Money: Babies need lots of love and financial investment

It's never too early to start planning for your baby's future.
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The Independent Culture
THE BIRTH or adoption of a first child is an event that every parent looks forward to with both excitement and fear. New parents take on the frightening responsibility for the life of a helpless human being. That is balanced, though, by moments of great joy such as his or her first step, word or smile.

In the event, bringing up children is all too often much harder work than we expect. Yet few parents would have it any other way.

The one exception to that rule is when it comes to finance. Many parents start a family when their income is still low, the mortgage is enormous and investment capital is low. Despite that, almost overnight a new set of financial responsibilities has been taken on.

When planning how best to manage the situation, your priority should be protection. Many people will have life cover, usually up to four times their income, as part of their pension, and that route is always the best place to start because premiums can be offset against tax. The downside is that, if you change or lose your job, the life cover goes too.

Derek Brown, of the independent financial advisors Warwick Butchart and Associates, recommends family income benefit for many families.

This provides an annual income in the event of death. In the past, such cover was often written to the child's 18th or 20th birthday. Now, with one in three school leavers going on to further education, a longer term - perhaps to age 25 - is more popular. As the cover is effectively decreasing as you get older, it can be very cheap.

GA Life would charge a 30-year-old man pounds 13.18 a month for pounds 10,000 a year cover, for 25 years. If he died in the first year, the insurer would pay out a total of pounds 250,000. If he died after 10 years the total would have fallen to pounds 150,000.

The need for life cover falls away as children grow up and are no longer so financially dependent, but your surviving partner will still need to live, and estate planning may then be important too. Generally, however, beware of any adviser who argues that you need enough life cover to provide an inflation-linked income in perpetuity. As financial commitments fall away in the future, so does the need for life cover.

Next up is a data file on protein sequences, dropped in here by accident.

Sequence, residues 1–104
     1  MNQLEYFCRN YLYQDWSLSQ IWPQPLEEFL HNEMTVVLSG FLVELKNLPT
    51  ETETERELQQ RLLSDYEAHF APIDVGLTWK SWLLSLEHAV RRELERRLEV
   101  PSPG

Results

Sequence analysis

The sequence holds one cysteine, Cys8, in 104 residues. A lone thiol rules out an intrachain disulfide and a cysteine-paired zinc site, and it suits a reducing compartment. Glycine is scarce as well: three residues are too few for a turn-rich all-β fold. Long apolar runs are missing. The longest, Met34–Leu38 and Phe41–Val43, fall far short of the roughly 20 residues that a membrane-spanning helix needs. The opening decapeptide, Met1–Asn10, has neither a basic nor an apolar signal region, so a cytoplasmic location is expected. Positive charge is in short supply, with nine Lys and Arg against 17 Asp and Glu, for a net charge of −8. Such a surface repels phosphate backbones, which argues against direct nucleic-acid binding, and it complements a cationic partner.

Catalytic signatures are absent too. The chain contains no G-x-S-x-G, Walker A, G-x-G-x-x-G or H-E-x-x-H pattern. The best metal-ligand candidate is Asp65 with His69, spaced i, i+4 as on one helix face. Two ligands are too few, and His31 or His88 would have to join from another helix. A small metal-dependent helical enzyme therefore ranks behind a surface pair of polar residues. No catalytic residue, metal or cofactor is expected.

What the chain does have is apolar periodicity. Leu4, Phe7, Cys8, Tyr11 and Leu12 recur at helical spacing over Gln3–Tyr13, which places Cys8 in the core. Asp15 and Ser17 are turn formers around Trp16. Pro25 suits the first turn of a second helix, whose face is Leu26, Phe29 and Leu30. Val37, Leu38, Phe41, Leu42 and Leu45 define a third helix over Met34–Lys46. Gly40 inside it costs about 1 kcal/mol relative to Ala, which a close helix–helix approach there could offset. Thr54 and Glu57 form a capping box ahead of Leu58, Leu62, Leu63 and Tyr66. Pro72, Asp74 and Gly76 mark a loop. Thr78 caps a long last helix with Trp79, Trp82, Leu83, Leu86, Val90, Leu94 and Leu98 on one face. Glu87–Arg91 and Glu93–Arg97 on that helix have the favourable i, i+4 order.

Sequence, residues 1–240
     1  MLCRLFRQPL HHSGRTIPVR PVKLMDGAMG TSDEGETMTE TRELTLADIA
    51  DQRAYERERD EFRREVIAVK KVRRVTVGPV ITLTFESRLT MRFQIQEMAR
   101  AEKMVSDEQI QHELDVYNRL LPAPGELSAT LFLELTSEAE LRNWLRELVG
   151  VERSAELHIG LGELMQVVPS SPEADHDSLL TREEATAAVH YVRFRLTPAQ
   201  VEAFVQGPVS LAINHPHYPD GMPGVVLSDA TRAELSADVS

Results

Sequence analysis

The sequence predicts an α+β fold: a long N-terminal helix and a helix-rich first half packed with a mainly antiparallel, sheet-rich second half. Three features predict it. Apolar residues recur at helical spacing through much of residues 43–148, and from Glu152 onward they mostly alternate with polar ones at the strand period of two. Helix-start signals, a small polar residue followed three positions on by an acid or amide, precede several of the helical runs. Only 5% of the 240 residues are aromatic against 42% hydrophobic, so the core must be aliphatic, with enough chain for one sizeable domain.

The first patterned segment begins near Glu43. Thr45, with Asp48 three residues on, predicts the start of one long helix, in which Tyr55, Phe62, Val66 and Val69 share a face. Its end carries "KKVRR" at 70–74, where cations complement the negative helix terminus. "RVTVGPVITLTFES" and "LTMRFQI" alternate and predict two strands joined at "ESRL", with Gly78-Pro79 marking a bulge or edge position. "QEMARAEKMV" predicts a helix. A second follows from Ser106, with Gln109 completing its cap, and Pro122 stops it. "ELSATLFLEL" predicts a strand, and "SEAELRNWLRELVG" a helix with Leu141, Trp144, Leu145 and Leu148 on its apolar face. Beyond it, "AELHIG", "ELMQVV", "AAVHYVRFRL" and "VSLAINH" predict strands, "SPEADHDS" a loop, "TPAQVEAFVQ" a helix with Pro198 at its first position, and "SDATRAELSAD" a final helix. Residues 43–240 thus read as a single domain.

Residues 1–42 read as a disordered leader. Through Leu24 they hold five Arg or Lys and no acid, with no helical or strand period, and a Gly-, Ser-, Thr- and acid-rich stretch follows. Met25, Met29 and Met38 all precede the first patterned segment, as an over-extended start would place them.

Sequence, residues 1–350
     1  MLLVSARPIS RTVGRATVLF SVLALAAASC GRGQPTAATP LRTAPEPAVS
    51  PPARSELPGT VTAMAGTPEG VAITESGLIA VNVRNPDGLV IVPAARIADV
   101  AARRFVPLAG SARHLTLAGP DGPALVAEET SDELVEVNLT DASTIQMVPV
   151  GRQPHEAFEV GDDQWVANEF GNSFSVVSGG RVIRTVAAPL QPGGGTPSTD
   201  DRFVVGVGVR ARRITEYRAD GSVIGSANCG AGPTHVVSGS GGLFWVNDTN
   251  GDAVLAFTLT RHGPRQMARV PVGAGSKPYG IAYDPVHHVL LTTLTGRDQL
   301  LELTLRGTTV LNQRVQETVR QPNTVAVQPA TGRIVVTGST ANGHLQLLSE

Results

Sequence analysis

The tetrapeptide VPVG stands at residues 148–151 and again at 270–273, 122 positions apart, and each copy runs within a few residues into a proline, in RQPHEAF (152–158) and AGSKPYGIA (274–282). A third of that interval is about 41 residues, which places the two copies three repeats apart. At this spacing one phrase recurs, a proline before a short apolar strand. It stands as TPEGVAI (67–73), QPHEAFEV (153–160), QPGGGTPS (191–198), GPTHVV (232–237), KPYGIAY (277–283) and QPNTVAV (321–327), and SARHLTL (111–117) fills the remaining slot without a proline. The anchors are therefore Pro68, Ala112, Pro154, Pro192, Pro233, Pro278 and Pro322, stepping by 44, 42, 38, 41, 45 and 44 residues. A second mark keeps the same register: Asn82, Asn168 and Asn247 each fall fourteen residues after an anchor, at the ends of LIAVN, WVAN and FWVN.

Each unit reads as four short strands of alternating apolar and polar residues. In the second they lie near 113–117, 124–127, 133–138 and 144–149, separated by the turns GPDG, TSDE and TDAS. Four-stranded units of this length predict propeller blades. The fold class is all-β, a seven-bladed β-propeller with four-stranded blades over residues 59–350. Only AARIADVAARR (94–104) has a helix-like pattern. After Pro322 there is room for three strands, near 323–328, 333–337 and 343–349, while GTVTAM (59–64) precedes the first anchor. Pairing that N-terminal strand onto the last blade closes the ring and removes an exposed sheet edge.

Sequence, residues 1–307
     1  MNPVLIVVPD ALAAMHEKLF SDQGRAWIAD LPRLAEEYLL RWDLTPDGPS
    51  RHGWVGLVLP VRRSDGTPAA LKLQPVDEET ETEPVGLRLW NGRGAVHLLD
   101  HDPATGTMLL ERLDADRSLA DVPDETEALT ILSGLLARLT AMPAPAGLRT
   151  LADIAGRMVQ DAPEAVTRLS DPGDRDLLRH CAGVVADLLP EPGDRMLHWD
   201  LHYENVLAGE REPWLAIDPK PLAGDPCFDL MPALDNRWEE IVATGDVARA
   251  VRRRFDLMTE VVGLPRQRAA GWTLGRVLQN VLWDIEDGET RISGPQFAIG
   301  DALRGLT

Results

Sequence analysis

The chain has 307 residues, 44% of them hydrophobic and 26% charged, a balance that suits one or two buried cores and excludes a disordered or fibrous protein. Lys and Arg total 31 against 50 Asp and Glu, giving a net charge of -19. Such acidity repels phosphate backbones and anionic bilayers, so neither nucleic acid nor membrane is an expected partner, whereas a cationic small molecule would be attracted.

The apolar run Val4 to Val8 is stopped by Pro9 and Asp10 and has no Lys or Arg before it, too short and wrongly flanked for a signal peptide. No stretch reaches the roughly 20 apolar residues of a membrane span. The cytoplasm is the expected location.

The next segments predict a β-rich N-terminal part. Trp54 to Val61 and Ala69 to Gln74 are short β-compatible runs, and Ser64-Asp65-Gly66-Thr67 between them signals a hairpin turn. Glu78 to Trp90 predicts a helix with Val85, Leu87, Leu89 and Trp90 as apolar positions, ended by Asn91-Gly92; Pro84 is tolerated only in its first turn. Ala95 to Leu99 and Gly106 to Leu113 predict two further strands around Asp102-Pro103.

How much cover do you need? Four times income is usually a minimum, but the way to calculate it is to work out how much you would need to pay off any capital commitments such as mortgages and loans, then how much income your surviving family would need to live on, and for how long.

Even if one parent is not working, consider life cover on both, together with critical illness, to give a lump sum on suffering a life-threatening illness, and income protection, to get a monthly income, in the event of long-term illness or disability.

Many critical illness plans now include free cover for dependent children up to pounds 15,000, or half the sum assured if less.

Savings are particularly important for a child's future education. At one time, only school fees planning was considered. Now, the need for university tuition fees means that many students may end up in debt.

Building up savings for them can help minimise the size of their eventual debt. Often, grandparents and other relatives also welcome the opportunity to help youngsters save for the future, especially if the money is to be used for education.

Private school fees cost, on average, around pounds 4,000 a year for boarders, and pounds 1,700 for day pupils, and planning to pay those fees is best started before the child is born, in order to give the longest possible time for the investment to build up.

Many parents start to think seriously about it only when their offspring already have a name down at a first school. Generally, if there is less than five years to go, invest as much as you can afford into deposit savings. In the longer term, Tessas, Peps and unit trust savings plans are likely to prove better. Endowment assurance-linked schemes may give advantages to higher-rate taxpayers, but often with a lack of flexibility.

Fiona Price, of Fiona Price and Partners, independent financial advisers in London, warns against prepackaged school fees investments: "The problem with many packages," she says, "is that they can prove to be inflexible and quite expensive. It is usually best to choose from what's available in the market. That way it will meet your needs, and you can get best value for your money."

Some independent schools run charitable trusts, which can give income tax benefits, but these are best considered only if the child will definitely attend that school. "If you are considering school fees planning, make sure you have sufficient protection cover too," Fiona Price warns. "Many parents often overlook the fact that if they are no longer alive there may be no one to continue paying the school fees."

When children are small, parents often have to face sacrifices as well as get accustomed to a new way of life. With careful planning, however, they can do so with the peace of mind that comes with knowing that the family is protected against the worst eventualities, while savings are also being built up to help the children out as they get older.

Fiona Price & Partners: 0171-430 0366. Warwick Butchart & Associates: 01242 237155. General Accident Life: 0500 100 200. For a list of independent financial advisers near you, call IFA Portfolio on 0117 971 1177

Andrew Couchman is the publishing editor of "Health Insurance Report"